Potatoes can suffer from heat stress when temperatures rise. Heat stress severity depends on 1) how hot it gets, 2) the rate of temperature increase, 3) duration of extreme temperatures, and 4) water status of the crop and soil. Temperatures, at least 10°F above normal, that spike suddenly and last a long time under drought conditions, are the worst-case scenario.
Time to Acclimate. If your potatoes have never experienced temperatures higher than 80°F, a sudden jump to 95°F will often result in heat stress. But if the rise to 95°F is gradual, giving the plants time to acclimate, they may not show any signs of stress. This is true for people too. It’s much better to ease into heat exposure.
In fact, Occupational Safety and Health Administration reports that nearly 3 out of 4 fatalities from heat illness happen during the first week of work.
Potatoes, and other plants, acclimate to gradually rising temperatures via biochemical changes such as increasing production of antioxidants, osmoprotectants, heat-shock proteins, and through morphological (structural) or physiological (functional) modifications. These changes help the plants tolerate high temperatures, or they help them avoid or dissipate heat.
Heat-shock proteins, which occur in all living things, stabilize other proteins during high temperatures, so they don’t aggregate into a tangled mess, enabling proteins to resume their normal function when the stress abates.
Leaf rolling is a common morphological response to high temperatures. In potatoes, it starts with upward cupping of the leaf margins and progresses to inward rolling of the entire leaf — like a taco. This is a heat-avoidance strategy because it reduces the amount of surface area exposed to the sun’s rays. It can be temporary or permanent depending on the severity and duration of heat stress. The rolled leaves may become thick and leathery if prolonged heat impairs translocation of photosynthates and results in an accumulation of carbohydrates in the leaves.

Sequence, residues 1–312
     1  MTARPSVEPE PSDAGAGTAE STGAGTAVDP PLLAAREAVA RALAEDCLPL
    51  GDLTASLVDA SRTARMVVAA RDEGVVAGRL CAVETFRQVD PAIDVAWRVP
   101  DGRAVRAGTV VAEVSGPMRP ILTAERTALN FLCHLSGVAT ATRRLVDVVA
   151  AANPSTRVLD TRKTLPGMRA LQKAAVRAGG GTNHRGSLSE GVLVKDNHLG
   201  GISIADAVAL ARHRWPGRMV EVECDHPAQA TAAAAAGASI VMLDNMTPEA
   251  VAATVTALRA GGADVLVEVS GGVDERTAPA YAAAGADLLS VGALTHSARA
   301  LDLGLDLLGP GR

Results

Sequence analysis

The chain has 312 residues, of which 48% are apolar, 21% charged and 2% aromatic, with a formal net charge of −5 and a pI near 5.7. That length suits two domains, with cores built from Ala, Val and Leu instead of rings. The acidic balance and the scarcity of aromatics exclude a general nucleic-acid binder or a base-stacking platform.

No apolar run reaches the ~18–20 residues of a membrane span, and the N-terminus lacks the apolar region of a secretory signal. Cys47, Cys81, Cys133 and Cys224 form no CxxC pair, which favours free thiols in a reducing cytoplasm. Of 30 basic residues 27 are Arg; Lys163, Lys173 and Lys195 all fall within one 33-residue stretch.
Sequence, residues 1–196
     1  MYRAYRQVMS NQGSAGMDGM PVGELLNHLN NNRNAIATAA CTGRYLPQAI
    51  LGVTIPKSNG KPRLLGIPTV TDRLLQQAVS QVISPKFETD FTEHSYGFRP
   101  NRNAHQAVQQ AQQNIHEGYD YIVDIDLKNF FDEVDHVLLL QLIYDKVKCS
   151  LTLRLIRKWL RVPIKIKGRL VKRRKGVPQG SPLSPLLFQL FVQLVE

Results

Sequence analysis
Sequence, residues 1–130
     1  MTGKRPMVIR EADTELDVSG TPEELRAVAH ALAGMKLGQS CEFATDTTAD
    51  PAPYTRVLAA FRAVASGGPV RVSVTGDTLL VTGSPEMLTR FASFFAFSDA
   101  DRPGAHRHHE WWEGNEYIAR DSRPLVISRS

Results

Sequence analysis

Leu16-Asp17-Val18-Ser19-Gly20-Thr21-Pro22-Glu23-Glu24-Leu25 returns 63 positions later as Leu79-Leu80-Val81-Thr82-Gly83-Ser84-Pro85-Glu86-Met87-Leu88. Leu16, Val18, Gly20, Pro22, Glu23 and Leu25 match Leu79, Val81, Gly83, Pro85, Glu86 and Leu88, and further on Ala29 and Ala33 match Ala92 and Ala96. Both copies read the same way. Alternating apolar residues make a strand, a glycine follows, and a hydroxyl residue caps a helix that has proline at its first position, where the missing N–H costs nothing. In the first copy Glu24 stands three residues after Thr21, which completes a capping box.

Leaf senescence. Sometimes plants drop their lower leaves in response to heat stress. It can be an “escape” strategy to conserve resources by decreasing the canopy size.
Small leaves. Potato leaves that develop during high temperatures are usually smaller. This is a common adaptation in hot environments, because small leaves are better able to dissipate heat compared to large leaves.
Transpirational cooling is the process of moving water through the plant, driven by its evaporation from leaves. It is one of the most important heat-mitigating strategies used by plants, because heat is carried off as water changes from a liquid to a vapor state. Think of it as “plant sweat.” This evaporative cooling process can be highly effective when soil moisture is adequate. On a sweltering day, the temperature in a well-hydrated potato field can be up to 10°F cooler than the temperature recorded at the local airport.